Welcome back to ‘Final Frontier Friday‘ for our second ever episode of ‘Star Trek: Voyager’! Call it an early New Year’s resolution (at least as far as the column is concerned) but it’s high time I did more than just bounce back and forth between the original series and ‘The Next Generation’. To that end, we’ll be closing out 2017 with a look at the fourth season episode ‘Mortal Coil’.
Written by Bryan Fuller (yes, that Bryan Fuller), the episode began life in a vastly different form. Originally pitched as an episode involving an immortal, regenerative alien who – purely for fun – would repeatedly trick the Doctor into killing him, the show’s writing staff soon developed the premise into something that Fuller compared to ‘Pet Sematary’. In that version of the story, it was Samantha Wildman who was killed on an away mission. She would then be resurrected using Borg technology, but (as in the Stephen King novel) she would come back “wrong”. Described by Fuller as being “more connected with death than life,” the resurrected Wildman would set about trying to kill her young daughter Naomi, albeit for the specific purpose of bringing her back to life so that the two would be able to share the experience.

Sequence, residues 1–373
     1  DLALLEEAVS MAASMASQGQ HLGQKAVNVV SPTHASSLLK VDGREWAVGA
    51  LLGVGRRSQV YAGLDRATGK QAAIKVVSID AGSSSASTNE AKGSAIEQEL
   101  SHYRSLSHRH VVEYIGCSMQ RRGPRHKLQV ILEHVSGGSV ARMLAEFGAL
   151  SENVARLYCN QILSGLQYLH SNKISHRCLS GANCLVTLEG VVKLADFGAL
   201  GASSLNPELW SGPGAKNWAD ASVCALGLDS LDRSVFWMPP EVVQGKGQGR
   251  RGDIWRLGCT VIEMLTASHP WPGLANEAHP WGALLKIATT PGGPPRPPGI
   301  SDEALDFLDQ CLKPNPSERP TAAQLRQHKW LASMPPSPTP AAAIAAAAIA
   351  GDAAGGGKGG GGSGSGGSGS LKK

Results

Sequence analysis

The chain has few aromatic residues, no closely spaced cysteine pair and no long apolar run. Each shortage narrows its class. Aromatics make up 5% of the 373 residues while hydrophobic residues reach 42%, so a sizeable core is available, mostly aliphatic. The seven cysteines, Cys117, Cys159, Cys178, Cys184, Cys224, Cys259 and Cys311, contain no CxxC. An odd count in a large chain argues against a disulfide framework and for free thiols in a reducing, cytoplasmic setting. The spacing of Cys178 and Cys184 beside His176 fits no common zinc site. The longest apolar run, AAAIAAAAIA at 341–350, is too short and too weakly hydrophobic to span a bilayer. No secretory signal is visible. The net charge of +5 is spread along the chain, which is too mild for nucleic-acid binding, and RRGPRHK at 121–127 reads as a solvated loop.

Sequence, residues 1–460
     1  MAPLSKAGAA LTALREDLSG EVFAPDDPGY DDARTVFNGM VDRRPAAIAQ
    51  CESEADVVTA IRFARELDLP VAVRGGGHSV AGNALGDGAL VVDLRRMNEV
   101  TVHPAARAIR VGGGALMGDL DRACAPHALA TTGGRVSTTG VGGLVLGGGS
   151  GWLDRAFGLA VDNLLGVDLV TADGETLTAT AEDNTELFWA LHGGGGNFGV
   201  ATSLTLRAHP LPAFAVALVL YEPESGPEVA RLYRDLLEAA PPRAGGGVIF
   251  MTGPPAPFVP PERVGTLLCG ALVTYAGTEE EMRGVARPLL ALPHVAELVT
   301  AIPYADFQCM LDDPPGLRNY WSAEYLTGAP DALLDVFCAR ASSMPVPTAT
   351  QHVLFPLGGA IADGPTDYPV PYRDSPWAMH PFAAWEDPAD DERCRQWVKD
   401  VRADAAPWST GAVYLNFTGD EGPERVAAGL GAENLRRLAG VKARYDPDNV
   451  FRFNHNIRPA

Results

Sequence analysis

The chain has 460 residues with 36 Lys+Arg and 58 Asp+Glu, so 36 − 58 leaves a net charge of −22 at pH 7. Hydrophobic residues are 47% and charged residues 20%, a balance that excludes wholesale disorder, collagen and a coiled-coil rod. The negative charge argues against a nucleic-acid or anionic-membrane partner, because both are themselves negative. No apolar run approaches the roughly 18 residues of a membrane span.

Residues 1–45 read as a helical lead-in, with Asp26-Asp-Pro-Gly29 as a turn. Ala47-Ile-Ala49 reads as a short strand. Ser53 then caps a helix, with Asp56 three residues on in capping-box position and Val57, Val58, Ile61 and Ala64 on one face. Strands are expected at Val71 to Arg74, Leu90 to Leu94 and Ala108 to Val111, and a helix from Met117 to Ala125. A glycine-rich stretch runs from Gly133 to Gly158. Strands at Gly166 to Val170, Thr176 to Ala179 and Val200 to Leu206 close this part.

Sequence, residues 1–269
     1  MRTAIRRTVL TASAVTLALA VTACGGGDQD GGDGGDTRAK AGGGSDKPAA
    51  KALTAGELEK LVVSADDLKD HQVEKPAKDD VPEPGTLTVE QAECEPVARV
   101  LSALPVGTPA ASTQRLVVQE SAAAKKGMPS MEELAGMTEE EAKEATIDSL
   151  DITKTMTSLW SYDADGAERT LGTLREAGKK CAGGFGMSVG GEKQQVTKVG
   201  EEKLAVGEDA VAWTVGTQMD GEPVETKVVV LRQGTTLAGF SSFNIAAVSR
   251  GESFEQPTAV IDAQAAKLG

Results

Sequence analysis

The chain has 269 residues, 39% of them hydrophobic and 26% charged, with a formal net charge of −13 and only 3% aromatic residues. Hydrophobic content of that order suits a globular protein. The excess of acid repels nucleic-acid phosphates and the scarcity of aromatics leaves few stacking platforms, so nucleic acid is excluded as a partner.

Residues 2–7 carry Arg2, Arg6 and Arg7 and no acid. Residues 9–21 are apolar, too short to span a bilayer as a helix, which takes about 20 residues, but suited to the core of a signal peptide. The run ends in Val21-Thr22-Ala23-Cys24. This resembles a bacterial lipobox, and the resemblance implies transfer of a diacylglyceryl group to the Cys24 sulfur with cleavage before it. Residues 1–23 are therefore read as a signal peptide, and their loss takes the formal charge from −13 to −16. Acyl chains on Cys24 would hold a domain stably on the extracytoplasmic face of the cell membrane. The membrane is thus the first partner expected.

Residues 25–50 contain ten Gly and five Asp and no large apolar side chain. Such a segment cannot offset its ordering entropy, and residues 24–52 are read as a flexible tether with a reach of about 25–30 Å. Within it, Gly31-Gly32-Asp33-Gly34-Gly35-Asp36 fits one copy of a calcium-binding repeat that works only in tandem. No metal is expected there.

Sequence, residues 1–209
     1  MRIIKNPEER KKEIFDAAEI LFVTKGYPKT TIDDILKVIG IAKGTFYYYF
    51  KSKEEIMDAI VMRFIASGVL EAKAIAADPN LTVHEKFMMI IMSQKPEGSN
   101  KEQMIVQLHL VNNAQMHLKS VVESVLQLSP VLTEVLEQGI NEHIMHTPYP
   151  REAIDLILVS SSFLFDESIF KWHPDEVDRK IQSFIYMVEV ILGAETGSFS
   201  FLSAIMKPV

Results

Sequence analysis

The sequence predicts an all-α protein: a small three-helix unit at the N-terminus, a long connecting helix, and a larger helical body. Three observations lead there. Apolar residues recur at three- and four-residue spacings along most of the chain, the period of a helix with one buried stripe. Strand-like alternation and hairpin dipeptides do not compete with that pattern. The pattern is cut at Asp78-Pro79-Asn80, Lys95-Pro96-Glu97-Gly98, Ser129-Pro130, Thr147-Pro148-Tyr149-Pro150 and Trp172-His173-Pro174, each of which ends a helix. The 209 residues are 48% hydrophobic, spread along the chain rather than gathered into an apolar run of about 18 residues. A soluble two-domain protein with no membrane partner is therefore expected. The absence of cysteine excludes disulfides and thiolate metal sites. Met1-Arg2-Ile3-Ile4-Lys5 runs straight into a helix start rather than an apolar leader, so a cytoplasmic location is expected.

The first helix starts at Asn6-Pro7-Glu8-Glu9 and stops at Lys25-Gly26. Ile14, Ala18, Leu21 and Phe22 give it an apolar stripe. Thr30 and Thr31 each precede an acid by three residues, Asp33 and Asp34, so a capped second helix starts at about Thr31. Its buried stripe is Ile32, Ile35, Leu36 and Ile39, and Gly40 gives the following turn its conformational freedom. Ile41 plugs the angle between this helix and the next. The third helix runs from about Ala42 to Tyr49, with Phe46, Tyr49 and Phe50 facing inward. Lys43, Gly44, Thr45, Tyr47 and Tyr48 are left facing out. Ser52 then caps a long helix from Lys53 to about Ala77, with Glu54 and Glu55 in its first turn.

Gee, I wonder why that version didn’t fly?
From there, the episode was reconceptualized with Chakotay as the character who would return from death. After concerns were raised involving traditional Native American views on the afterlife and the often vaguely defined nature of Chakotay’s spirituality, the central character was once again changed. It was at this point that ‘Mortal Coil’ took on its final form as a Neelix episode, though Chakotay would continue to feature prominently in the finished episode.